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Big perks still go to big donors

When Barack Obama gives his acceptance speech before 70,000 people at Invesco Field in Denver on Thursday, most supporters will be sitting under the open night sky. But a group of lobbyists and corporate executives will watch the event from plush skyboxes, with catered food and a flowing bar, and a price tag of up to $1 million.

And Obama's biggest fundraisers will be staying at the tony Ritz-Carlton. They will be treated to an array of cocktail parties and receptions in their honor, including one Monday evening with party chairman Howard Dean, a reception with Joe Biden on Wednesday night and a celebration with Obama after his acceptance speech in a club-level lounge at Invesco Field.

The rewarding of big-money donors at the conventions strikes some discordant notes for Obama – and for Sen. John McCain, too – as each has sharply criticized the influence of money in politics. While Obama has attacked those who “have turned our government into a game only they can afford to play,” the corporate and other special-interest money will be as pervasive as ever at this year's Democratic convention.

Even a landmark federal ethics measure passed last year to rein in the gifts that members of Congress can receive will barely put a dent in the partying at the conventions. Creative loopholes have emerged to evade many of the tougher restrictions.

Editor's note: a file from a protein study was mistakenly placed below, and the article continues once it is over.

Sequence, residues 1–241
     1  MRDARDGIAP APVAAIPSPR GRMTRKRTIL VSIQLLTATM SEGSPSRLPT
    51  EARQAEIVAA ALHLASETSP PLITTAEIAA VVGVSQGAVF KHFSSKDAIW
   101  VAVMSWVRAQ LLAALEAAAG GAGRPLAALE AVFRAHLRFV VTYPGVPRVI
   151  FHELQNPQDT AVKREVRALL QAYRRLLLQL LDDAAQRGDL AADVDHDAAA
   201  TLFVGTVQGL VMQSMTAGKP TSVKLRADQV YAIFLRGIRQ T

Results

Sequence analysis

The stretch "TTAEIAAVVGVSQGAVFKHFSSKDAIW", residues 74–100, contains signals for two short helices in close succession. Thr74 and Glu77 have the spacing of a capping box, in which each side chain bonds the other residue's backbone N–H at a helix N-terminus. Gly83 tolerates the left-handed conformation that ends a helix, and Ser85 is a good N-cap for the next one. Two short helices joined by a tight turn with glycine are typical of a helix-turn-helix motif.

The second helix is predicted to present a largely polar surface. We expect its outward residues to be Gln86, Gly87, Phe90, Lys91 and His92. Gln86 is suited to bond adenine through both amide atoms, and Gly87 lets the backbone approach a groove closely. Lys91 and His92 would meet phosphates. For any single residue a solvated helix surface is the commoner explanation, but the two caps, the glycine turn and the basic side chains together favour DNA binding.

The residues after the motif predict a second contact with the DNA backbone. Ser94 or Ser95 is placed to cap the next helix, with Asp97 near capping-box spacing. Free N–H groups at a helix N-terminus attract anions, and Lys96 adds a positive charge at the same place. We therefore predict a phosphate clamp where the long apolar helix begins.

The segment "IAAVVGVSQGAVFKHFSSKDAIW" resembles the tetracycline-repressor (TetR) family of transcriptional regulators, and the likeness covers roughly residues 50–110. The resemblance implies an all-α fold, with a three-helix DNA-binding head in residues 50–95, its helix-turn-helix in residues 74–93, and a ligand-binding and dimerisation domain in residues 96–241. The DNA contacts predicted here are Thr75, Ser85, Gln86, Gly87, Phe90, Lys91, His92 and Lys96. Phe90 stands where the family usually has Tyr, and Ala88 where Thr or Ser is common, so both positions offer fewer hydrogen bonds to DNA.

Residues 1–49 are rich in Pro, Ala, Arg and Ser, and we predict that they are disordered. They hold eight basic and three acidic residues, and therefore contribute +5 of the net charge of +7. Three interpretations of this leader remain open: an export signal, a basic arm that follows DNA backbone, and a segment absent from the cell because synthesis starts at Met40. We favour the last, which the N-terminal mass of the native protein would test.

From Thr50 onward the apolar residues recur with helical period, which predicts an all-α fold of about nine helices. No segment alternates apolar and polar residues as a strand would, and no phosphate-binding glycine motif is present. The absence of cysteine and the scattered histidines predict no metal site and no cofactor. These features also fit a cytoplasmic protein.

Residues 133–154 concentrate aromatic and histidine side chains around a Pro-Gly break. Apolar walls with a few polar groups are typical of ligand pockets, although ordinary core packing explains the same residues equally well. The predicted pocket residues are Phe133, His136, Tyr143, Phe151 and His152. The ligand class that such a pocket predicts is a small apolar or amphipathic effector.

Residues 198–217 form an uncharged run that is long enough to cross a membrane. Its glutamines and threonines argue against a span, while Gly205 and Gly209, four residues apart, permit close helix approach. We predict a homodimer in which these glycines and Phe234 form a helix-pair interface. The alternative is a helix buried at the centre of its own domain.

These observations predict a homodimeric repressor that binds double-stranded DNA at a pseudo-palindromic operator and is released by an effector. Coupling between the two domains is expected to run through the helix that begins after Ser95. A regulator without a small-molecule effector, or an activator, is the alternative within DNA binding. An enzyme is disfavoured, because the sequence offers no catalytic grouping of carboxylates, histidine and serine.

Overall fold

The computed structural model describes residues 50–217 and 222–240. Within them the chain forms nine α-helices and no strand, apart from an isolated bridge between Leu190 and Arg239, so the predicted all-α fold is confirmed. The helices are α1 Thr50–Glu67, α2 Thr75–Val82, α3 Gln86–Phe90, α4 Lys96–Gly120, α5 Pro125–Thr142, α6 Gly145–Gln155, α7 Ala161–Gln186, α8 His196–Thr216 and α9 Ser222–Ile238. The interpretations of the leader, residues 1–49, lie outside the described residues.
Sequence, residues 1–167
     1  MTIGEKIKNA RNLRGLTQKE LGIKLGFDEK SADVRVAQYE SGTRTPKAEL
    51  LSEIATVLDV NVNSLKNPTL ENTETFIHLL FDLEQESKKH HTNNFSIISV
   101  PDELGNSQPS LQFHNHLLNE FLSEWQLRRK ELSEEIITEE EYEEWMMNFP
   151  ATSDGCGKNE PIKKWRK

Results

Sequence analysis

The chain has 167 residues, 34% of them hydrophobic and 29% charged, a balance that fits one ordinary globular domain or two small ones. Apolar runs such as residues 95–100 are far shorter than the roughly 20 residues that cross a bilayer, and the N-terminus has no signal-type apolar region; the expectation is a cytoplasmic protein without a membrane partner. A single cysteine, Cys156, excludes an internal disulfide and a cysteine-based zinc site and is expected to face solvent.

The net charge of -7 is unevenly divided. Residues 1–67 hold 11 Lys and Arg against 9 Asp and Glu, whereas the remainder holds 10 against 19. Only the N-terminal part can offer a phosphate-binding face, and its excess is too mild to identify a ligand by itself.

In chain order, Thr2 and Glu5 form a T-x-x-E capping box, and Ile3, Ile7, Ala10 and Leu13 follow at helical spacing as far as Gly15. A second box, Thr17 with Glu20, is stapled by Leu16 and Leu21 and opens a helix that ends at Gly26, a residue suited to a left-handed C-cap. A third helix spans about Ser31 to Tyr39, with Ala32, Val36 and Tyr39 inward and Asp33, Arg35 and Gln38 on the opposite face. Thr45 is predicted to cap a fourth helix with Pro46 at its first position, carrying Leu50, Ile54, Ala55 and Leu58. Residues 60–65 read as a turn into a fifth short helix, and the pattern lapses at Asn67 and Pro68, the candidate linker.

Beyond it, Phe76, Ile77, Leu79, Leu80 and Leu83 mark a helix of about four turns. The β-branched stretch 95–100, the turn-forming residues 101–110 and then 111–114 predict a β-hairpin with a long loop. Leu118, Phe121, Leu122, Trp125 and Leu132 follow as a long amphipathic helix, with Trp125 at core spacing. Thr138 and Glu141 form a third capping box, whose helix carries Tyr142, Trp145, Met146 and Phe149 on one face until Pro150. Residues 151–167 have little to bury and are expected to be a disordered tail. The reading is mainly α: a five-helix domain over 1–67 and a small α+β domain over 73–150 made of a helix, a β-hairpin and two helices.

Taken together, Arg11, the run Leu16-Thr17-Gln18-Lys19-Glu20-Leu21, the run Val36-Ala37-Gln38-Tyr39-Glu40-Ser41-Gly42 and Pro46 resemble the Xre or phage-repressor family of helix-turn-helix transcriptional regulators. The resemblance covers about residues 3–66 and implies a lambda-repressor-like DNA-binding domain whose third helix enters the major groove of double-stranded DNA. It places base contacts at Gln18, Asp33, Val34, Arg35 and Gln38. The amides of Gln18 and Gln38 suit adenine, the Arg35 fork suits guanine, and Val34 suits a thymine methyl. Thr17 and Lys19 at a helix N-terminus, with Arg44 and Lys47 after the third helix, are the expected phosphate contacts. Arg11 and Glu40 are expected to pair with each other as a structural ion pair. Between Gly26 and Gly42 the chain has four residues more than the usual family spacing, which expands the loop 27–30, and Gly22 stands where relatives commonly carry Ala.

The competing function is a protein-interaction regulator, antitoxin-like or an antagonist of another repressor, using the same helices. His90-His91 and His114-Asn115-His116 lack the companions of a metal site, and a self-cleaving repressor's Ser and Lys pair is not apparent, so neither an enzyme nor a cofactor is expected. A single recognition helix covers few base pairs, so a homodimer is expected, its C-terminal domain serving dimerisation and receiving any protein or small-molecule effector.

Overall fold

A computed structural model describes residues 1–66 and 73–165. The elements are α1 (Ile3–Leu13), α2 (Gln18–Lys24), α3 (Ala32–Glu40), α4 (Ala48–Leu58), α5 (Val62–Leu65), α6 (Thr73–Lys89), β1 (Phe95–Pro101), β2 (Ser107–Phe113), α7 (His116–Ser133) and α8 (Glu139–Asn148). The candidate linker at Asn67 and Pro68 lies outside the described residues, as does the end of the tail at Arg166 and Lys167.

In fact, millions of dollars are being spent on entertainment to wine and dine specific members of Congress, including Rep. Rahm Emanuel of Illinois, the chairman of the House Democratic caucus, and Sen. Richard Durbin, also of Illinois. In Denver alone, the host committee estimates there will be 1,200 parties.

Corporations, trade unions and lobbying firms, along with well-heeled individuals, have already donated $112 million to the Denver and Minneapolis-St. Paul host committees to help pay for the conventions. Unlike campaign contributions, which are capped in the thousand-dollar range, donations to the political conventions can be – and have been – written in seven-figure amounts.

On the Republican side, McCain, in an interview last week with Politico, continued his attack on lobbyists, calling them “birds of prey” who seek “their share of the spoils.” He also vowed to enforce a ban on lobbying for members of his administration.

But major McCain and Republican National Committee donors, many of them lobbyists, are getting a special Platinum Package, which provides hotel rooms at the Grand Hotel or the Westin in Minneapolis, exclusive dinners and cocktail receptions, as well as a Tuesday night party featuring the comedian Dennis Miller. The group, referred to as McCain Friends and Family, has its own schedule of events, part of what campaigns call “donor maintenance.”

In an example of how corporations are getting around ethics rules designed to limit events honoring lawmakers, AT&T and Genworth are among the sponsors of Blue Night in Denver, an event today honoring the Blue Dog Coalition, a group of fiscally conservative Democratic House members. Corporations and other donors are being solicited to buy “sponsorship packages” for events costing $25,000 to $50,000 and honoring the New Democrat Coalition, a group of moderate Democrats.

Donors to the New Democrat event will get VIP tickets and access to the exclusive area, with amenities, for a party at Union Station and a Rockies game.

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